The problem here is that the MDRT budget money doesn’t come from the city – it’s provided to the city through a development agreement with Oakpointe, Miller said, and the agreement calls for the MDRT budget to be fully funded at $1,267,475 (which is the funding level in Benson’s budget), and not at Weber’s level of $1,070,005.
Nancy Rogers, representing Oakpointe in a letter sent to the council on Dec. 22, wrote that Weber’s amendments to the MDRT budget violates the development and funding agreement the developer has with the city, and Oakpointe “is not obligated to pay for some of the matters assumed in the Weber budget.”
If Oakpointe doesn’t fund the $197,420 that Weber moved to other parts of the city’s general fund, his general fund budget is actually closer to $6,060,951, Miller said.
Additionally, since Weber allocated that $197,420 to other parts of the general fund budget, the rest of the budget is now unbalanced, Miller said.
Weber’s ending fund balance was also a concern to Miller.
“The auditors look at that every single year, and say, ‘if your expenditures are going up every year, as they normally do, you need to keep increasing the ending fund balance every year,’” she said.
But that doesn’t happen in Weber’s budget amendments, which reported an ending fund balance of $1,005,291.
This is lower than Benson’s reported ending fund balance of $1,011,291. Benson’s ending fund balance would add $117,176 to the ending fund balance over the previous year, Miller said, while Weber’s amendments would shrink the ending fund balance by $218,420 from last year.
However, Miller said Weber reported his ending fund balance incorrectly in his budget amendment documents, and his actual ending fund balance would be closer to $792,871 – a difference of more than $212,000.
Miller had other issues with Weber’s amendments as well, including what looks like a 2.5 full time employee reduction and the collecting of grant money revenue without spending it.
“As a professional finance director that’s been in government for over 40 years, I cannot recommend that we adopt a budget that isn’t in compliance and is so confusing, I can’t even imagine how we can monitor it,” Miller said. “I recommend that we adopt the Mayor’s budget.”
Weber disagreed with Miller’s analysis of his amendments.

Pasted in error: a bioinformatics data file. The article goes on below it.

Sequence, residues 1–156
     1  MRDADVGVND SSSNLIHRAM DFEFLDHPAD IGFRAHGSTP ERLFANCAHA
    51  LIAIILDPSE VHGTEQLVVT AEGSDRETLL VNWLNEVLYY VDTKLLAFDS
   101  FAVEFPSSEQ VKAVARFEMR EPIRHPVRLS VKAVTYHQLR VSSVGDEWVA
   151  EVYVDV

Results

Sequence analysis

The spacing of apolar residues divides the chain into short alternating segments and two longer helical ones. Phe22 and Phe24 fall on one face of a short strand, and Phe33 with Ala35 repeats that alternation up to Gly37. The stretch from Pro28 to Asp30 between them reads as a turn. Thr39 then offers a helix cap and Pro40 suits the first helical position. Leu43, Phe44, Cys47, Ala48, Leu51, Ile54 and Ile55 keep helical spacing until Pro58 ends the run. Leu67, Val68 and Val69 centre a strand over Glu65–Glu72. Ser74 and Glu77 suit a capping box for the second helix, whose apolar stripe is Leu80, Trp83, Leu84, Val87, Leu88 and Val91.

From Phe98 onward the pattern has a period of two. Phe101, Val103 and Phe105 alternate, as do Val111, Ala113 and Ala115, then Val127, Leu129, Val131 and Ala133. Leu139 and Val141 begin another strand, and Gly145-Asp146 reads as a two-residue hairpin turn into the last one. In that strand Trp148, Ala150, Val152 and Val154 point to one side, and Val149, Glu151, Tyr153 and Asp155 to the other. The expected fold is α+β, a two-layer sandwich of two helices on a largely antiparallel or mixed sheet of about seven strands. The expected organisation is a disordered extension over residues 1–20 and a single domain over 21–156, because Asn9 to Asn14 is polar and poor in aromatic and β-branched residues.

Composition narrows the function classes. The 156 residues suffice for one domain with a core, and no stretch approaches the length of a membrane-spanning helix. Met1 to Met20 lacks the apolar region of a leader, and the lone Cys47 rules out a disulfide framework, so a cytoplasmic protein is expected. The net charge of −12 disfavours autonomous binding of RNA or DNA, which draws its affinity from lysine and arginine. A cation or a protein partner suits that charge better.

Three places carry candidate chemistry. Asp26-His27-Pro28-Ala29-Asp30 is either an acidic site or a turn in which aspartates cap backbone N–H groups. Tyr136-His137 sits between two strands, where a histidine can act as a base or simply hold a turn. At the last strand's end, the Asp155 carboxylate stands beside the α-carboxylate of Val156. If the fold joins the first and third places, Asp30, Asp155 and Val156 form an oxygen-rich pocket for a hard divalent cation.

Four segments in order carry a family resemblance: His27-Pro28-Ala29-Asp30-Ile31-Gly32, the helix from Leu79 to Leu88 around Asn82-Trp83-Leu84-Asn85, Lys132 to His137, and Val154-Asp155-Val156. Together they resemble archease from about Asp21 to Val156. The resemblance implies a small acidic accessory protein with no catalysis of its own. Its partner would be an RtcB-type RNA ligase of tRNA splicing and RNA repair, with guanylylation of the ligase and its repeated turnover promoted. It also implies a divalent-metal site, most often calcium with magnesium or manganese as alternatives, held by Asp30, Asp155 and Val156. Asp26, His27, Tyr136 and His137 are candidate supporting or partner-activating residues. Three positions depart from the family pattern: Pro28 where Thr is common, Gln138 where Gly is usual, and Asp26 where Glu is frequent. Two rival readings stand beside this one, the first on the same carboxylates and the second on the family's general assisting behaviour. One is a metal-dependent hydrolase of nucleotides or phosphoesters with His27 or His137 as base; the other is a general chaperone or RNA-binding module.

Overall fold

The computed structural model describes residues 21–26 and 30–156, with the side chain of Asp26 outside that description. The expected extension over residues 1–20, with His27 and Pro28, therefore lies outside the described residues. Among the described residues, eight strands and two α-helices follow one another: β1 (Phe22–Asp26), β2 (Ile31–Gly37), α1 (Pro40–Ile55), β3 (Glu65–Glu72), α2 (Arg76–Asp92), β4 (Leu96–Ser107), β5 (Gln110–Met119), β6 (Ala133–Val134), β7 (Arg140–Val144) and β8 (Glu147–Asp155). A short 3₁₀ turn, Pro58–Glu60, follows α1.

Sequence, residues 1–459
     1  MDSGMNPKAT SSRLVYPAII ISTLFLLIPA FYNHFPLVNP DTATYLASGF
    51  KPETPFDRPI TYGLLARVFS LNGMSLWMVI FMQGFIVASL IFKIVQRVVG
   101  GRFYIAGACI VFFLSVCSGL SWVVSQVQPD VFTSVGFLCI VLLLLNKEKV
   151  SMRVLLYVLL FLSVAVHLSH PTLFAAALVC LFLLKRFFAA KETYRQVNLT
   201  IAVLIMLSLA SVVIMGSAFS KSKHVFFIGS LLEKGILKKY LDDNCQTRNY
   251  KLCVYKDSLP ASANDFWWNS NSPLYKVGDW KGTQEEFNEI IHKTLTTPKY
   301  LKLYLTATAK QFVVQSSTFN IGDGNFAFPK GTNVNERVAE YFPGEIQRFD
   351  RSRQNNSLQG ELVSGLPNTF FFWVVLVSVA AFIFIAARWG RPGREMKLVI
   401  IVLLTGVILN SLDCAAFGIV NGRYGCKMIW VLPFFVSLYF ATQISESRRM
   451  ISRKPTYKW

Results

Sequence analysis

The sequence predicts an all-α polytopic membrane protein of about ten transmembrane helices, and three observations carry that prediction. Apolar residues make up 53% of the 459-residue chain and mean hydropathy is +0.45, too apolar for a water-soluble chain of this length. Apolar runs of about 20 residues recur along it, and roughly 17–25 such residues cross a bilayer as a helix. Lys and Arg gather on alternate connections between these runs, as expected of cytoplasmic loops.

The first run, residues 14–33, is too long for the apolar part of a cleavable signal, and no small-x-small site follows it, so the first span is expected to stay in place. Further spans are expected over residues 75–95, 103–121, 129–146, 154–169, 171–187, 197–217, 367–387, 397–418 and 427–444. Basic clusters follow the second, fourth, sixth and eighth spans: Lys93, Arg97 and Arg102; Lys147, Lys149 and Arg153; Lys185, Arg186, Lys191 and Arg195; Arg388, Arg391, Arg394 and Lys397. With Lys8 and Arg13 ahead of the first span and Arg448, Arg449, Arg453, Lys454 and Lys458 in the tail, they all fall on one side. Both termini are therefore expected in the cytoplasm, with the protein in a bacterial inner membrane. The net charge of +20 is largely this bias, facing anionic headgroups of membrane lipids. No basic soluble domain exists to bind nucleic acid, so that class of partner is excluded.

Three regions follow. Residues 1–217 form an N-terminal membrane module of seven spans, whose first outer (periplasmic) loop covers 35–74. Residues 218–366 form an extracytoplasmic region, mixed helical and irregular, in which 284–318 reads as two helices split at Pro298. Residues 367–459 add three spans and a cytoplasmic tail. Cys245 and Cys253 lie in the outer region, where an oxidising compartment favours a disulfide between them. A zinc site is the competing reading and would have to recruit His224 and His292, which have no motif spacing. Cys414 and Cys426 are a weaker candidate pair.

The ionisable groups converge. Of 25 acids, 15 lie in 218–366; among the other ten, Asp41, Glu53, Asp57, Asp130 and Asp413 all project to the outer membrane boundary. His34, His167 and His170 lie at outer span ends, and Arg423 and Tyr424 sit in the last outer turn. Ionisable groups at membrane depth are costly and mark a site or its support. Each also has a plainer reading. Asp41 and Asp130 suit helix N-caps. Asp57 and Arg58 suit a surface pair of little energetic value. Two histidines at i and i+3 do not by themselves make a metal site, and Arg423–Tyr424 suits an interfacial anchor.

“The budget moves money within the general fund and does not affect the balance. The budget is just as balanced as the original budget,” he said.
As to his changes to the MDRT budget, Weber said the council has the authority to change how the MDRT is budgeted and run, including a decrease in funding and the addition of a city administrator and a director of planning development and environmental review.
“The council has the authority to make that decision through its budget authority,” Weber said. “The developer may decide to challenge this authority or withhold their funds. They have a right to do that, but I believe that any responsible developer would understand that improving the management of this city would be in their interest too.”
NEED A PUBLIC HEARING?
Since Weber’s announcement of budget amendments on Dec. 1, residents made it very clear they expected to be given ample time and space to review the amendments before they could be adopted.
According to the Municipal Research and Services Cetner (MRSC), state law restricts cities from holding public hearings on budgets after Dec. 7.
So with the final public hearing was closed Dec. 1 and no further public hearing opportunities, residents called Weber’s actions deceptive, and some alleged that the amendments couldn’t be legally adopted unless they went through the public hearing process.
Weber said his amended budget “does not need to be re-advertised, and the public process that was conducted is still relevant, because my amendment changes only a few items of the actual budget document.”
State law seems to agree with Weber; the state only requires two public hearings for budgets that are held on different days and no later than Dec. 7. The state does not require further hearings for amendments made after the final public hearing.
Kenyon expressed this in a Dec. 29 email, but added that the public should (and will) get ample time to review the amendments.
“A city council typically can amend its budget after the public hearing is closed and before adoption of the budget ordinance. But this general rule only applies when the content of the amendment falls fairly within the scope of the alternatives available for public comment at the public hearing,” Kenyon wrote. “The legal point here is only that council member Weber’s budget first came to light at the very end of the budget process and after public hearing had already been closed. The public has a right to weigh in on the merits of council member Weber’s proposal, in the same manner as the public commented on the merits of the Mayor’s proposal.
“The public clearly has not had the opportunity yet with respect to council member Weber’s budget but, given Tuesday’s night’s compromise decision by a unanimous city council, that opportunity will begin next month.”